Charged EVs | Florida’s proposed EV tax raises questions of fairness and corporate influence

Florida is set to join the 26 states that impose a special yearly tax on EVs. Republican State Senator Jeff Brandes has introduced SB 1346, which would create a new annual fee for plug-in vehicle owners (in addition to the yearly registration fee paid on all vehicles). If this bill becomes law, every electric car will immediately be subject to a fee of $235 per year, rising to $250 in 2025. Vehicles weighing under 1,000 pounds (which would seem to mean motorcycles and some NEVs) will pay $135 (rising to $150 in 2025), and PHEVs will pay $35 ($50 in 2025).

The anti-EV backlash is not coming solely from the right side of the aisle. A companion bill in the Florida House (HB 1221) is co-sponsored by Representatives Emily Slosberg (D) and Jackie Toledo (R).

A separate set of bills would provide for 50% of revenue
from the new tax to be invested in public charging infrastructure, an apparent attempt
to blunt opposition to the bill from pro-EV groups. The other 50% would go to
the State Transportation Trust Fund, which is used to fund road maintenance and
construction in the state.

While investment in EVSE is a good thing, remember that
these are two separate bills – lawmakers could choose to impose the new tax
without approving the EVSE investment. It’s a clever political ploy – under the
threat of having a tax and no EVSE investment, many who would otherwise oppose
the measure may feel forced to support the tax+investment combo as the lesser
of two evils.

In other states, lawmakers have justified taxes on EV ownership by pointing out that EVs pay no gasoline taxes, and thus don’t help to fund road maintenance (they do pay taxes on electricity, as well as state excise and sales taxes).

A recent article by CalMatters, and another from the Sierra Club, argue that this line of reasoning is specious, to say the least. The root cause of declining fuel tax revenues is the fact that the federal fuel tax and most state fuel taxes do not rise with inflation, while maintenance costs do.

According to CalMatters, EVs currently account for only about 0.5% of vehicles in the US, whereas over the past 20 years, the country has added 6% more lane miles to maintain and increased the efficiency of the vehicle fleet by 14%, while the purchasing power of fuel-tax revenue has fallen by over 30%. However you do the math, the figures make it clear that EVs can’t be responsible for more than a tiny fraction of the funding gap at the federal level.

CalMatters says another cause of revenue shortfalls is “a misplaced priority on highway expansion.” This is emphatically the case in Florida, where the legislature just approved the construction of three new toll roads that will open up vast areas of former wilderness to development.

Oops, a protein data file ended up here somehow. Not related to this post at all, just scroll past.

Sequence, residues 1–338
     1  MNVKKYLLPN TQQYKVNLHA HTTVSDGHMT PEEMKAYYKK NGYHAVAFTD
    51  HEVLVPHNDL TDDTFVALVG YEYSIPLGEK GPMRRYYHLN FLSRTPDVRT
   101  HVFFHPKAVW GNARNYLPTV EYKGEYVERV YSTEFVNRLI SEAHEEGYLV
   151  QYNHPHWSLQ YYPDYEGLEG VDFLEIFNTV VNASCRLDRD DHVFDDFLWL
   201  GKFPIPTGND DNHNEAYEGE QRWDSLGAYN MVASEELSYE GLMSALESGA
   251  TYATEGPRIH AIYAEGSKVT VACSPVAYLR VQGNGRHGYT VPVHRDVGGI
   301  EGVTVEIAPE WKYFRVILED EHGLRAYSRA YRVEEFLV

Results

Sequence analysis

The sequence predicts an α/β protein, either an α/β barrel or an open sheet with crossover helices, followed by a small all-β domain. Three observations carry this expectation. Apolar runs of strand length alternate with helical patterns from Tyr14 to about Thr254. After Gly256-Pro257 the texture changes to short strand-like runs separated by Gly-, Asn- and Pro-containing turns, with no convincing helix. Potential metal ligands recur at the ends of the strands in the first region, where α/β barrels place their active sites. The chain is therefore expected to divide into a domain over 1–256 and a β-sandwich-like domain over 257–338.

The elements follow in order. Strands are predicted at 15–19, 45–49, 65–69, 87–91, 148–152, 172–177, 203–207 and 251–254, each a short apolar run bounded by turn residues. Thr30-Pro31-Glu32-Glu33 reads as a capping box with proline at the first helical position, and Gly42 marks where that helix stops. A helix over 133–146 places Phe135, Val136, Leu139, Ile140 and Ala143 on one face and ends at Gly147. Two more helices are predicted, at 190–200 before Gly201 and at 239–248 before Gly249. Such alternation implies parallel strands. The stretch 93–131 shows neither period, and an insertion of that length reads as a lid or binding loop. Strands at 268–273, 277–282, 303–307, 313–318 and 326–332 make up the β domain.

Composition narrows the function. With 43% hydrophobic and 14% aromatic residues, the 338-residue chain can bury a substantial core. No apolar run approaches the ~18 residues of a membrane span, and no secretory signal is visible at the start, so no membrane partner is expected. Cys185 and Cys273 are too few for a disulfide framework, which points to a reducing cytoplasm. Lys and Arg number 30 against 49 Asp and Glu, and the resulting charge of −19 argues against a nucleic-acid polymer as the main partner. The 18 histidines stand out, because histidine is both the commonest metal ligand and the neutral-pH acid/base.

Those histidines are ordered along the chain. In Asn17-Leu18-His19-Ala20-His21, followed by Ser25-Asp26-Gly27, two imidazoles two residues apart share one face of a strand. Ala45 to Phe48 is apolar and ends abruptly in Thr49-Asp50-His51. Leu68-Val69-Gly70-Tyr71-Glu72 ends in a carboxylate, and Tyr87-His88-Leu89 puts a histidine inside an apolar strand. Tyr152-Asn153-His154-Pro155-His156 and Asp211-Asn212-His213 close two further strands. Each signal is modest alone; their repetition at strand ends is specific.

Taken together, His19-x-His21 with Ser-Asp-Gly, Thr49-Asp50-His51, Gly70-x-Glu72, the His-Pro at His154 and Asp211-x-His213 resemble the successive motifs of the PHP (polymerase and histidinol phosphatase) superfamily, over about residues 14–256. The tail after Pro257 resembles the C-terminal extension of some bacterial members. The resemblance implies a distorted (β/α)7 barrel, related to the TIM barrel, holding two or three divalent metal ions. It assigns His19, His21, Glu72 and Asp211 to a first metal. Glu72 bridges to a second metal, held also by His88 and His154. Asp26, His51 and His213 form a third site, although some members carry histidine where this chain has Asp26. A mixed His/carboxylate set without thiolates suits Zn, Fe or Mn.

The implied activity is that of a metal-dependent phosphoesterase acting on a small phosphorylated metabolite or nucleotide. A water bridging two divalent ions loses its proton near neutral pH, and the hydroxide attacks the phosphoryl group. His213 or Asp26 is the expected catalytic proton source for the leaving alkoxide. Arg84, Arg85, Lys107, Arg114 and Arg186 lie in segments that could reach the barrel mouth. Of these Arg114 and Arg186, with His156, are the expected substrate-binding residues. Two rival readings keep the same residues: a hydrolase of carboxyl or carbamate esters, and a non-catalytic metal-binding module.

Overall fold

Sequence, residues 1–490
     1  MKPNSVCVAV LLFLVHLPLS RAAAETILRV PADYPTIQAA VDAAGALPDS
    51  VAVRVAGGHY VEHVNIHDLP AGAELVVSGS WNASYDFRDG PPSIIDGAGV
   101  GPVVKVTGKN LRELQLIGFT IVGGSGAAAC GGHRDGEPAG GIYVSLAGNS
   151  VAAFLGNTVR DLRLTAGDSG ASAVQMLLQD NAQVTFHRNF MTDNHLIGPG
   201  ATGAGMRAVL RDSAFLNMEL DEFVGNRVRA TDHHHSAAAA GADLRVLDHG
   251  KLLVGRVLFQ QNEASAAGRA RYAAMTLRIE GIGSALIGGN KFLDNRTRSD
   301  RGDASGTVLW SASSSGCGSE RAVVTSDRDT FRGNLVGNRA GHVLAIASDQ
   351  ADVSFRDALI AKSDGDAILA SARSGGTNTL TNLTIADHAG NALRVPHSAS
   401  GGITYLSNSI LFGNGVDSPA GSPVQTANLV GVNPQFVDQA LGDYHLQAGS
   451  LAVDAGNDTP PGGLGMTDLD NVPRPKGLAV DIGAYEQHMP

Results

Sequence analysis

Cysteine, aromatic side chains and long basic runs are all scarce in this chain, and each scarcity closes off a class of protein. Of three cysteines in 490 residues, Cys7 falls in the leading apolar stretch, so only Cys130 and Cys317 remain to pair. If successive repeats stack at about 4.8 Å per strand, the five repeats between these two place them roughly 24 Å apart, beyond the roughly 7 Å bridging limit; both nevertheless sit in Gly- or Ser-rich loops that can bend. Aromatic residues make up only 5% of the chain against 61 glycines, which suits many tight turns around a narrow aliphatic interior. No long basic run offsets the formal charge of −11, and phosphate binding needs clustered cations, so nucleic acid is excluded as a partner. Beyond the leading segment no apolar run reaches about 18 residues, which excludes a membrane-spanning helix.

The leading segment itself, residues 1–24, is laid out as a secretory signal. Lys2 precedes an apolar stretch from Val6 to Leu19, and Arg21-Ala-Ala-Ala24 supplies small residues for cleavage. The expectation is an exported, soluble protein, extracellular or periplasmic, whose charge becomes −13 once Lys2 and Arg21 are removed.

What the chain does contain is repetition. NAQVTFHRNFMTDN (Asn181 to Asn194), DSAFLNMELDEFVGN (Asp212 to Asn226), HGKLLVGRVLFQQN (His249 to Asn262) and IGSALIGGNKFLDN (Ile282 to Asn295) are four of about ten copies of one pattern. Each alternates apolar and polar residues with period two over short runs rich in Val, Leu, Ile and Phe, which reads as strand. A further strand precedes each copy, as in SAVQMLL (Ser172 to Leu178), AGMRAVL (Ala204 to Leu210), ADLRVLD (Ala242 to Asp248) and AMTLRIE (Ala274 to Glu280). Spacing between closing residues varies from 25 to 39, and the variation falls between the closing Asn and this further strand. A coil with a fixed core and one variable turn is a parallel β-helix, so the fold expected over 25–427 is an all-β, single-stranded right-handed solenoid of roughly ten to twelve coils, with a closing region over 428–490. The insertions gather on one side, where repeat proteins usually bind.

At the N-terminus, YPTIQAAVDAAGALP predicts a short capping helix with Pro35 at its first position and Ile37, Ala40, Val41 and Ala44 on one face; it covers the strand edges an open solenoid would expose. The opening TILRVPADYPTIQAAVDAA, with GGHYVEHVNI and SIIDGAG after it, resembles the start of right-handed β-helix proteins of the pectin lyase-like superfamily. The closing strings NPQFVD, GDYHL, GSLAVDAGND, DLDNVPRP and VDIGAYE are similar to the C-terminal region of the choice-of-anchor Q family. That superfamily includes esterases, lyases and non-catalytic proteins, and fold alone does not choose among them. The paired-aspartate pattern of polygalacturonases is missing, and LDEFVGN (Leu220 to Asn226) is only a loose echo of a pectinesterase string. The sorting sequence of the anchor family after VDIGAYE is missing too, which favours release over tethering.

Comparing the amounts of some current EV taxes to those of fuel taxes reveals another hint that these fees are motivated by something other than a desire to make EV owners pay their fair share of road maintenance costs. A recent analysis by Consumer Reports found that, of the 26 states that currently impose EV fees, 11 charge more than the amount paid in gas taxes by owners of comparable legacy vehicles, and 3 charge more than double the amount.

More punitive EV taxes are on the way. According to CU, 12
states are considering proposals for new taxes, and 10 of these would impose
fees greater than what an average driver would pay in gas taxes. Seven would gradually
increase the fees to double that amount.

Two more questions worth asking: what industry groups are supporting Florida’s proposed tax, and how much money have they been investing in Tallahassee? As a recent article in Politico reports, groups backed by oil industry giants, including the American Petroleum Institute and the Koch brothers’ Americans for Prosperity, have spent millions around the country to lobby lawmakers and regulatory agencies against various pro-EV measures.

Why are politicians rushing to tax EVs? Simple – they’re
following the example of Ronald Reagan, who said, “If you want more of
something, subsidize it; if you want less of something, tax it.”

Contact information for Florida state legislators is available on the State of Florida web site, and the Florida House actually offers a list of handy tips to help craft effective appeals to your representatives in Tallahassee.

Sources: Southern Alliance for Clean Energy, Electrek, CalMatters, Consumer Reports, Sierra Club

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